Nathan Bilow  /  AP file
Pat Wild rides his snowboard in the deep powder at Crested Butte Mountain Resort in Crested Butte, Colo. earlier this year. Despite a late start to the ski season the the Eastern U.S. and an incredibly mild winter in the Northwest, ski industry officials are expecting a decent year that compares with recent ski seasons.
updated 3/24/2005 6:48:44 PM ET 2005-03-24T23:48:44

Seung Hwang had been looking forward all season to snowboarding.

But when Hwang and his college buddies arrived at Stevens Pass near here after driving all the way from Seattle, they found no snow. The lift — for the busy the Martin Luther King Jr. holiday weekend in January — was closed.

“It wasn't very cool,” said Hwang, who attends the University of Washington.

Ski industry officials expect this year to approach the nearly 57 million skier-visits recorded last season. But a slow start in the East and a mild winter in the Northwest could prevent the nation's resorts from setting a record, they say.

“This won't be a record year in the industry, mostly because of the off year in the Pacific Northwest,” said Michael Berry, president of the National Ski Areas Association. “But it will be consistent with what we've seen the last several years.”

Pacific Northwest Ski Areas Association chief Scott Kaden said he expects visits to be significantly down from the usual 4.5 million a season.

Resorts in Idaho, Oregon and Alaska are up and running, but many in Washington state are missing out on spring break traffic because of a warm, dry winter. Few of the resorts are equipped for snowmaking.

Northeast resorts, on the other hand, are finally enjoying a snowy spring after a sluggish fall and winter.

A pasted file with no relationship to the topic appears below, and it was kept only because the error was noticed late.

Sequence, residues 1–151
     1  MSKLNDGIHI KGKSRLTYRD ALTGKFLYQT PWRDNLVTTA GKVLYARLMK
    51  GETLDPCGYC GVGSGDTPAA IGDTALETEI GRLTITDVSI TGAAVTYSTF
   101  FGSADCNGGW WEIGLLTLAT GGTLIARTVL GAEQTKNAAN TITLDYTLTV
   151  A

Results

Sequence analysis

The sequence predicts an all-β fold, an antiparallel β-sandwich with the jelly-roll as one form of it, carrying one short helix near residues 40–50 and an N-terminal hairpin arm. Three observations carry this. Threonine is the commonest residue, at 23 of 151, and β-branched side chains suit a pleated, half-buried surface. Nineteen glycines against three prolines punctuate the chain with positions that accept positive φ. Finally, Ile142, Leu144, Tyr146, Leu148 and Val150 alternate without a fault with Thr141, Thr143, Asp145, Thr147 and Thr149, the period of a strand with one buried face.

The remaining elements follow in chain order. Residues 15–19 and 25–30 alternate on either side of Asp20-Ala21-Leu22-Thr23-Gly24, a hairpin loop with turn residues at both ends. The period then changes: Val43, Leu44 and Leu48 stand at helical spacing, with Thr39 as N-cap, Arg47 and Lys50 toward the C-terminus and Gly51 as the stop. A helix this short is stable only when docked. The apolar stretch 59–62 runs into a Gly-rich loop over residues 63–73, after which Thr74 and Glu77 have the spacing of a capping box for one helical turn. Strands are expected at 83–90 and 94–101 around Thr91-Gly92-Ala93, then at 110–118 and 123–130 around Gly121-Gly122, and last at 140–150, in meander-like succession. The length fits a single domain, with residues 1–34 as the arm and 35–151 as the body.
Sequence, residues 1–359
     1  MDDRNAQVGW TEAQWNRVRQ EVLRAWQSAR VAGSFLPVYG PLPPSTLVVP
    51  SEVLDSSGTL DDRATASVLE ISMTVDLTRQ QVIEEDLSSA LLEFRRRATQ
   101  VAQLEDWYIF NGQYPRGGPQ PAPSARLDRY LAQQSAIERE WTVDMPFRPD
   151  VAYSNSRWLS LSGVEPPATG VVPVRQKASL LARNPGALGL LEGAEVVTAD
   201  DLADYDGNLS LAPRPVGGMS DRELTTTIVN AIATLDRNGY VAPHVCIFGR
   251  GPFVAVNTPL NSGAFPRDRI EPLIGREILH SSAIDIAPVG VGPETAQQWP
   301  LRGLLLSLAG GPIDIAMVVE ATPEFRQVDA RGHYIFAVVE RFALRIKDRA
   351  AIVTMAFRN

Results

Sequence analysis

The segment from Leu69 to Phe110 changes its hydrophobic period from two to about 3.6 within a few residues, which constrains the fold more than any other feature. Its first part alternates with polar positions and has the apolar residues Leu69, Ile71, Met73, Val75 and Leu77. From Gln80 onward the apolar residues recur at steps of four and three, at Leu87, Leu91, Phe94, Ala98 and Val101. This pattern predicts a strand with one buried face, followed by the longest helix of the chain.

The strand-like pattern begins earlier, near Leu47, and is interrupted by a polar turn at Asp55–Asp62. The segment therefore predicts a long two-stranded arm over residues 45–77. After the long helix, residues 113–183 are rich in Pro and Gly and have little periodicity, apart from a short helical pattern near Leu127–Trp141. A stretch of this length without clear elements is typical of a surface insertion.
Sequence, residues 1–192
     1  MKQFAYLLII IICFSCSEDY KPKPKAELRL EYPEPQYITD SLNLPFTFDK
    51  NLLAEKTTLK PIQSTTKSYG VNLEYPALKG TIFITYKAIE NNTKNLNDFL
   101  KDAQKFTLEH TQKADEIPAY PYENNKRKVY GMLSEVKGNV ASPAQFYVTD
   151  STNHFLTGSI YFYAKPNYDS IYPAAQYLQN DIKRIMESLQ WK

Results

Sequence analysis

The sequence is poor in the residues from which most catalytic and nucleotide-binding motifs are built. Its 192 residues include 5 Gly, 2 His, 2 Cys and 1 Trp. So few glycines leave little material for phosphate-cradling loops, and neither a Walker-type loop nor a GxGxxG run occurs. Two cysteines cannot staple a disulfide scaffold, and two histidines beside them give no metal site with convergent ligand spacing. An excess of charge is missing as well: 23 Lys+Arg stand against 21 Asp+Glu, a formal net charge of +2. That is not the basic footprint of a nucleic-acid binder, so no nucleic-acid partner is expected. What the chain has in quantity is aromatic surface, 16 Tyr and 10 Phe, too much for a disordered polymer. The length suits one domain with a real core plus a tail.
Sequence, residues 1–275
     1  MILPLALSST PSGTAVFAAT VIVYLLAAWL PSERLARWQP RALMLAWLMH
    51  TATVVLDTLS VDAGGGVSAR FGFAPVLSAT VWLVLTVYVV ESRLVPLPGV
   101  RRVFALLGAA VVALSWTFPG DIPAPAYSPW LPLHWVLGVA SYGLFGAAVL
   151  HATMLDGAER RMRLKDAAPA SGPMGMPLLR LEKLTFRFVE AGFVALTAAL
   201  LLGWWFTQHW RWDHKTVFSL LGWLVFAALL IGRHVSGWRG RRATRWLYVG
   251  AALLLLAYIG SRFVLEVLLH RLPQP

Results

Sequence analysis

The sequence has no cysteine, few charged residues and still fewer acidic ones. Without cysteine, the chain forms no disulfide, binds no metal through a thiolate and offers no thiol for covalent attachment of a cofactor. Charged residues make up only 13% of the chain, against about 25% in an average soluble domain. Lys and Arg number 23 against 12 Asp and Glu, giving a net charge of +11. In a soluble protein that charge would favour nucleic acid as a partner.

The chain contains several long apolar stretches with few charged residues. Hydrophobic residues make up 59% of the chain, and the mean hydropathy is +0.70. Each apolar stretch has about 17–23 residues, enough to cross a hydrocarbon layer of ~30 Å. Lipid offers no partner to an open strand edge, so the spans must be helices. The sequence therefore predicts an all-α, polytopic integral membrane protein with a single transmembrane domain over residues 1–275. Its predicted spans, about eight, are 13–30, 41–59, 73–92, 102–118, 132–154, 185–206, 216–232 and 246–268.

After an average Christmas season and sporadic snow through January, some Vermont ski areas have seen 9 feet of snow since Feb. 1, Vermont Ski Areas Association President David Dillon said.

Park City, Utah-based American Skiing Co., which operates five of its seven ski resorts in the Northeast, has seen skier visits drop about 3 percent through the first few months due to a warm, dry early season and high winds over the Christmas holiday, the company said. However, the company reported a 10.6 percent increase in revenues for February, and hotel bookings were up about 4 percent amid plentiful snow.

In the West, Arizona and New Mexico are having one of their best winters in years, Berry said.

Vail Resorts CEO Adam Aron said the company's Heavenly Mountain Resort in California and Beaver Creek in Colorado were on track for record skier visits.

Colorado resorts have seen more than 11 million skier visits each season and started 2004-2005 strong with an 8 percent jump in visits through December. Through February, the trade group Colorado Ski Country USA's season-to-date figures put it at about 2.3 percent above last season's numbers.

Cheering the loudest may be Utah resorts, particularly Snowbird, which expects to top last year's record for skier visits by 15 percent to 18 percent, spokesman Dave Fields said.

“It would take a shocking turn of events for us not to have an all-time record at Snowbird,” Fields said.

A discount pass that's good for the Salt Lake County resorts Snowbird, Alta, Brighton and Solitude has had sales of 66,000 — up 66 percent from last season so far, according to the Salt Lake Convention & Visitors Bureau. The pass is aimed at out-of-state visitors, who are likely to splurge on dining and lodging during ski vacations.

Ski Utah was predicting to beat the typical 3.3 million skier visits it records each year by at least 5 percent before the season began. Resorts should meet that target easily, Rafferty said.

Back in Washington state, Hwang said he wasn't sure about his snowboarding plans after this season.

“It was the worst I've ever encountered,” Hwang said of this season. “Hopefully it can only get better from here.”

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